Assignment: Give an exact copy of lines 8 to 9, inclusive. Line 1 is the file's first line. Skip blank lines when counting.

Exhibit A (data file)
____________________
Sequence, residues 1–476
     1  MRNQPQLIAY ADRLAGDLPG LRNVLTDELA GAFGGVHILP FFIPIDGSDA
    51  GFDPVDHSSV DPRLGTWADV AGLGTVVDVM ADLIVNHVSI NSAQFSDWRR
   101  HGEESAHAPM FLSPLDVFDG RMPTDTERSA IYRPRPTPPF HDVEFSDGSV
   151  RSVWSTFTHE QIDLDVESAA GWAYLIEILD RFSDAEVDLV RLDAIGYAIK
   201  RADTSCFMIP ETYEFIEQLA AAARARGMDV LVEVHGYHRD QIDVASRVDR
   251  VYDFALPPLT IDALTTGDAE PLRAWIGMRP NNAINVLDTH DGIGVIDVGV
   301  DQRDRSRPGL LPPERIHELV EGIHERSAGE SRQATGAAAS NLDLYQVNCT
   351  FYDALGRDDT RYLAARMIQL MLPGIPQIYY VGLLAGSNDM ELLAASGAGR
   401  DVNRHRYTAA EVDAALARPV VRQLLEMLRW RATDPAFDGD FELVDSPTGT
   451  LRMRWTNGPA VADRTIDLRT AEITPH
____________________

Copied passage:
   301  DQRDRSRPGL LPPERIHELV EGIHERSAGE SRQATGAAAS NLDLYQVNCT
   351  FYDALGRDDT RYLAARMIQL MLPGIPQIYY VGLLAGSNDM ELLAASGAGR